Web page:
Identification of candidate structured RNAs in the marine organism 'Candidatus Pelagibacter ubique'
1 Department of Molecular Cellular and Developmental Biology, Yale University, Box 208103, New Haven, CT 06520, USA
2 Department of Molecular Biophysics and Biochemistry, Yale University, Box 208103, New Haven, CT 06520, USA
3 Howard Hughes Medical Institute, Yale University, Box 208103, New Haven, CT 06520, USA
4 Department of Microbiology, Oregon State University, Corvallis, OR 97333, USA
BMC Genomics 2009, 10:268 doi:10.1186/1471-2164-10-268Published: 16 June 2009
Metagenomic sequence data are proving to be a vast resource for the discovery of biological components. Yet analysis of this data to identify functional RNAs lags behind efforts to characterize protein diversity. The genome of 'Candidatus Pelagibacter ubique' HTCC 1062 is the closest match for approximately 20% of marine metagenomic sequence reads. It is also small, contains little non-coding DNA, and has strikingly low GC content.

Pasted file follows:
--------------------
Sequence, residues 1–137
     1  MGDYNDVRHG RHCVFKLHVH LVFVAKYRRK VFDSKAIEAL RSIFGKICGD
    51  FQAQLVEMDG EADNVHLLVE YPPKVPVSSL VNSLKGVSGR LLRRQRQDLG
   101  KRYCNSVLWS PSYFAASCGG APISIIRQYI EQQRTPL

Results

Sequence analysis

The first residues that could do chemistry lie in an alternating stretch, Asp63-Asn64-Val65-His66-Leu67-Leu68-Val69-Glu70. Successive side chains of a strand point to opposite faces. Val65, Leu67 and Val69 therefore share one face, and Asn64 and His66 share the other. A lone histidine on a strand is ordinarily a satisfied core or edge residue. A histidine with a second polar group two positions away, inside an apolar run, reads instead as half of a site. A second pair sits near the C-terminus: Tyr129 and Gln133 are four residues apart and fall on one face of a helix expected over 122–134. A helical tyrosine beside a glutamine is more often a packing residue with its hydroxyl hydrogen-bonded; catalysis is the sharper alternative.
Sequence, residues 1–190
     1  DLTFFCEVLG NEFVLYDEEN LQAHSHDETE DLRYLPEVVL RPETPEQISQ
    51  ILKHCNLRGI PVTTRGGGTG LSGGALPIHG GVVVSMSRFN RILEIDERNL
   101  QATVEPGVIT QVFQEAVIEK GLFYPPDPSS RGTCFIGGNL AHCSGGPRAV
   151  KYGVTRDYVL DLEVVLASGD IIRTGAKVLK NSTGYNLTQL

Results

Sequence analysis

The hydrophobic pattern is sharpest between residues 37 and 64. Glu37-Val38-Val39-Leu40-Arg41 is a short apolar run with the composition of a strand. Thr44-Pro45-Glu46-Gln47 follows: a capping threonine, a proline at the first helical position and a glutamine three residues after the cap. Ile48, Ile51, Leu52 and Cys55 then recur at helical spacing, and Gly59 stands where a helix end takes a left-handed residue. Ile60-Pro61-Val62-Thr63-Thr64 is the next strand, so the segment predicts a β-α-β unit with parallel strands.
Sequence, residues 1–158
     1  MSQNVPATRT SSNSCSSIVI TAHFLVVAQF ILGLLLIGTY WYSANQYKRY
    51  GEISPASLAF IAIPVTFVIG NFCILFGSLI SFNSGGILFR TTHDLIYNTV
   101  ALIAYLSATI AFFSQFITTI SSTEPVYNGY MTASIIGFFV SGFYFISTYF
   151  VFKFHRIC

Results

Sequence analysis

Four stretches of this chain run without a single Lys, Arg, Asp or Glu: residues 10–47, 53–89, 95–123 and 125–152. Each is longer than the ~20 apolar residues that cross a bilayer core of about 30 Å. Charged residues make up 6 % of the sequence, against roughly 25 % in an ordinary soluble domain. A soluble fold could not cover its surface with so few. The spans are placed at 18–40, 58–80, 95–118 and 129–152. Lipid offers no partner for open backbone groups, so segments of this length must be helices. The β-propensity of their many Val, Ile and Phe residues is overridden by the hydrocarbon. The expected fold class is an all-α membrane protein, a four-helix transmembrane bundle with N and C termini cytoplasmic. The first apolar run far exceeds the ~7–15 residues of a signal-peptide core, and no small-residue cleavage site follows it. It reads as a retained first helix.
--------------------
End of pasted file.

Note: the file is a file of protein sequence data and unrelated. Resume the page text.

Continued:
To aid the discovery of RNA motifs within the marine metagenome we exploited the genomic properties of 'Cand. P. ubique' by targeting our search to long intergenic regions (IGRs) with relatively high GC content. Analysis of known RNAs (rRNA, tRNA, riboswitches etc.) shows that structured RNAs are significantly enriched in such IGRs. To identify additional candidate structured RNAs, we examined other IGRs with similar characteristics from 'Cand. P. ubique' using comparative genomics approaches in conjunction with marine metagenomic data. Employing this strategy, we discovered four candidate structured RNAs including a new riboswitch class as well as three additional likely cis-regulatory elements that precede genes encoding ribosomal proteins S2 and S12, and the cytoplasmic protein component of the signal recognition particle. We also describe four additional potential RNA motifs with few or no examples occurring outside the metagenomic data.
This work begins the process of identifying functional RNA motifs present in the metagenomic data and illustrates how existing completed genomes may be used to aid in this task.